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Flashcards in D Words Deck (23):

daunt (v)


Although we thought the amount of work left to do might daunt her, she refused to become discouraged and resolutely settled down to complete the job.


decorum (n)

appropriateness in behavior; orderliness and good taste in manners

Even the best-mannered students have trouble behaving with proper decorum on the last day of school.


definitive (adj)

providing a final, complete answer

Although many programming texts describe themselves as definitive guides to the subject, almost all of them leave out essential pieces of information.


deleterious (adj)

injurious to health

If you believe that smoking is deleterious to your health (and the surgeon general certainly does), then quit!


denigrate (v)

attack the reputation of or deny the importance of

The campaign took on a vicious tone as the rival candidates began to denigrate each other's accomplishments and character.


derisive (adj)

scornfully mocking

The reviewers made unanimously derisive comments about Hwang's new play, mocking its pretentious dialogue, flat characters, and simpleminded plot.


derivative (adj)

lacking in originality

Although her early poetry was clearly derivative in nature, the critics thought she had promise and eventually would find her own voice.


desiccate (v)

remove moisture from

The long drought desiccated the marshlands, leaving the once moist soil parched and dry.


desultory (adj)

lacking a definite plan, method, or purpose

In prison Malcolm X set himself the task of reading straight through the dictionary; to him, reading was purposeful, not desultory.


diatribe (n)

bitter, accusatory verbal attack

Infuriated by what he considered unfair attacks in the press, the candidate delivered a lengthy diatribe against biased reporting.


dichotomy (n)

branching into two parts (especially contradictory or mutually opposed parts)

According to Jung, the distinction between mind and body is an artificial dichotomy, a division based more on the peculiarity of intellectual understandings than on the nature of things.


didactic (adj)

intended to teach or convey information

Although Joan Walsh Anglund clearly gets across her message about the nature of friendship and the need to share and be flexible, her writing is no the least bit didactic or dogmatic.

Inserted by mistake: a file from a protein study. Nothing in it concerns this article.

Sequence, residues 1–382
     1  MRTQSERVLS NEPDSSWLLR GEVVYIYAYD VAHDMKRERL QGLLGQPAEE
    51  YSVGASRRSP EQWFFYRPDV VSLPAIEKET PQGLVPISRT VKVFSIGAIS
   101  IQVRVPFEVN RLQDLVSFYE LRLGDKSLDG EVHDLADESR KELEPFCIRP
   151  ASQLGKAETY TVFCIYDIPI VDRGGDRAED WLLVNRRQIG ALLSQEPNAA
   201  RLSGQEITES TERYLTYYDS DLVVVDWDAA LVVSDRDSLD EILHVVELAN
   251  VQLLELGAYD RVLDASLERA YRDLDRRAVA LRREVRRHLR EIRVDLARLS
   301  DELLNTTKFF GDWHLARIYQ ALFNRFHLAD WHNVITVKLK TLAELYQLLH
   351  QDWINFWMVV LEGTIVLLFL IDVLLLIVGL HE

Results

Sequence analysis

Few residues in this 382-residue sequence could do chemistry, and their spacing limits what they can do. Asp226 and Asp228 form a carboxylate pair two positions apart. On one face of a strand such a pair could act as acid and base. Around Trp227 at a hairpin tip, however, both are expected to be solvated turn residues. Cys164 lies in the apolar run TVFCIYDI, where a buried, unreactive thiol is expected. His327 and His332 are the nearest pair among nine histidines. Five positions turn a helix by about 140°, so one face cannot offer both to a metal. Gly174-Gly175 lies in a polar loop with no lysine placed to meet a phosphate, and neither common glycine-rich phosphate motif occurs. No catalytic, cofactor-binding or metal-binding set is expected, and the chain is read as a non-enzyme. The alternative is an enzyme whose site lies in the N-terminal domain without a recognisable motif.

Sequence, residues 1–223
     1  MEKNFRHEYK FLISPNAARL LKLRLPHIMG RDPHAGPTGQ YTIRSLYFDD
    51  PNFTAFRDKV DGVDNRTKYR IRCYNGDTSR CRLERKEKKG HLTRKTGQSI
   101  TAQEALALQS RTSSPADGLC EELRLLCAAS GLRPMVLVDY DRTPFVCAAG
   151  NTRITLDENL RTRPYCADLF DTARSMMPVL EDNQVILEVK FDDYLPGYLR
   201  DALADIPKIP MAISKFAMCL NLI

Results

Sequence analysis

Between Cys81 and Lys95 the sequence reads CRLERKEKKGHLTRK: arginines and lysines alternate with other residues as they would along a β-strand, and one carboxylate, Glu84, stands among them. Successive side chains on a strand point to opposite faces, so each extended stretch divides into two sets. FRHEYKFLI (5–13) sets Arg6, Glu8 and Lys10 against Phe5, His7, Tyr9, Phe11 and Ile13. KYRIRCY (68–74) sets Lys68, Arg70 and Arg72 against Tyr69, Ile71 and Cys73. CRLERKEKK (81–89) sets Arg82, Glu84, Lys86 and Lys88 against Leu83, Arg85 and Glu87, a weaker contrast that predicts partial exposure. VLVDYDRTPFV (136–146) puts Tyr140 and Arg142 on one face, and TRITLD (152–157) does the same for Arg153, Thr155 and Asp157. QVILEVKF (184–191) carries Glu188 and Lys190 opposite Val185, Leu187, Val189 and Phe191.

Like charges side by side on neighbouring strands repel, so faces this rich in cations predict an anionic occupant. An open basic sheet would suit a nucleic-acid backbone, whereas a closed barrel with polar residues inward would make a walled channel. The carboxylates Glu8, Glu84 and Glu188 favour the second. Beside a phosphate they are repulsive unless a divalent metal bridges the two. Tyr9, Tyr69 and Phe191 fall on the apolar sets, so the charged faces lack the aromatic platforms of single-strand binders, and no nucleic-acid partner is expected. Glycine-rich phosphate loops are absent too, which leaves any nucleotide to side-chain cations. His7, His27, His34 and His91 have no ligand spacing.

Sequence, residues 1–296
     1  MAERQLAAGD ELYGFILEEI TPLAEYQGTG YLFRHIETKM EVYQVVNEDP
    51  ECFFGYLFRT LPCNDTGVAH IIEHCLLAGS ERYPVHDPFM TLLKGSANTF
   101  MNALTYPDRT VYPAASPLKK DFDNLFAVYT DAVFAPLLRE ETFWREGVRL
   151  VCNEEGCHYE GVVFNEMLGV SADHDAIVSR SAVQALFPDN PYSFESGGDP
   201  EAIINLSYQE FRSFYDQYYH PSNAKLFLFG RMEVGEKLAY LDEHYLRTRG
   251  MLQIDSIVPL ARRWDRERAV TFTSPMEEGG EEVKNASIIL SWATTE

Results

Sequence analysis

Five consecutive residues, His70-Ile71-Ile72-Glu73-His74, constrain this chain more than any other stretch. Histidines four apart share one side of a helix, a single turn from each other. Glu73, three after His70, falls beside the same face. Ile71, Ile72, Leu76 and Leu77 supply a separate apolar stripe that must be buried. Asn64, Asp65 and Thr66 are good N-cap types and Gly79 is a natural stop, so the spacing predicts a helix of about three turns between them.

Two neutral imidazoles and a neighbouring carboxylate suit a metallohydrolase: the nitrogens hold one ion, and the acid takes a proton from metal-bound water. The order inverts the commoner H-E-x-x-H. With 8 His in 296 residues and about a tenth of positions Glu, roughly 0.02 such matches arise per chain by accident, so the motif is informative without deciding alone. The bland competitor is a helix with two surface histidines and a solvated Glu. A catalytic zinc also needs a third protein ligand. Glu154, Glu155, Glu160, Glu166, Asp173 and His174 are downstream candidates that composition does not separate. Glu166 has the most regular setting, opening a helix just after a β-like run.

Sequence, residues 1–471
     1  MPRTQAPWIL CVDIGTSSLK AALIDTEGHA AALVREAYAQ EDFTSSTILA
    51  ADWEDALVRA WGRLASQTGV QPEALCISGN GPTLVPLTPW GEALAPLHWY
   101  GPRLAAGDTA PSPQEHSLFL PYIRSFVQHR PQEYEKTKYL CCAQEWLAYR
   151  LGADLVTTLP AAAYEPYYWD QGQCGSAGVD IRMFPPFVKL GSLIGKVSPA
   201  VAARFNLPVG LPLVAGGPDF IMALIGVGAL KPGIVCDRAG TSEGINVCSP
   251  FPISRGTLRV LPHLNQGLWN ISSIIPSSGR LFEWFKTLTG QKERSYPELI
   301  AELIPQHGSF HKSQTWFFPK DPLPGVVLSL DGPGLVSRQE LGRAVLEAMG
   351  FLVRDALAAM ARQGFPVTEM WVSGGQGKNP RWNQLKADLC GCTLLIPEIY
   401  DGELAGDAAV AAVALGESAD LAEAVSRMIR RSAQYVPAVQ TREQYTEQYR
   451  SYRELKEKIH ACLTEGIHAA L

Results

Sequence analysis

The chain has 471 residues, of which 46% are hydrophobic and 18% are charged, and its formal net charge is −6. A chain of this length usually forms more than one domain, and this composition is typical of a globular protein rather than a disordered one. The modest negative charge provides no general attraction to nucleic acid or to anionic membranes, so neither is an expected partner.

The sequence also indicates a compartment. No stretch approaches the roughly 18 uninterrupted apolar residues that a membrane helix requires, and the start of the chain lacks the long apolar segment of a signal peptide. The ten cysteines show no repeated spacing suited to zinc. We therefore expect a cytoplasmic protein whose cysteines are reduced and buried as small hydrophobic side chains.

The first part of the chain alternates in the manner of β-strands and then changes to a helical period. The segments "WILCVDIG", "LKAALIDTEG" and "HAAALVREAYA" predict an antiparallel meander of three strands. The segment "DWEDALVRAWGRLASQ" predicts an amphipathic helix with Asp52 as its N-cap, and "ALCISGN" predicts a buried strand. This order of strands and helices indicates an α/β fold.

diffidence (n)

lack of self-confidence

Doubting her ability to write English correctly, the young Japanese student felt some diffidence about replying to the first letter she received from her American pen pal.


dilatory (adj)

tending to procrastinate or cause delay

If you are dilatory in paying your bills, your credit rating may suffer.


disabuse (v)

free someone from an erroneous belief or false impression

On her return from Turkey, Lady Mary Wortley Montagu did her best to disabuse English minds of their prejudiced notions of Turkish cruelty, luxury, and sensuality.


disinterested (adj)

without any selfish motive or interest

Given the judge's political ambitions and the lawyers' financial stake in the case, the only disinterested person in the courtroom may have been the court reporter.


disparate (adj)

fundamentally different

Clue by clue, scientific investigators around the world are assembling a new picture of Earth, discovering ways that seemingly disparate events are connected.


dissemble (v)

conceal facts, motives, or intentions; hide behind a false appearance

Even though John tried to dissemble his motive for taking modern dance, we all knew he was there not to dance but to meet girls.


dissonance (n)

jarring, inharmonious sound

Composer Charles Ives often used dissonance (clashing or unresolved chords) for special effects in his musical works.


distend (v)

expand from internal pressure

At the watermelon-eating contest, Bob ate so much that his stomach began to distend.


divine (v)

perceive intuitively or through an insight

Nothing infuriated Tom more than Aunt Polly's ability to divine when he was not telling the truth.


dogmatic (adj)

positive in asserting one's opinion (especially when it is unwarranted)

Inflexible and dogmatic, Doug was not a man to be troubled by doubts.


dormant (adj)

marked by lack of activity; temporarily quiet, as if sleeping

At fifty her long-dormant ambition to write flared up once more; within a year she had completed the first of her great historical novels.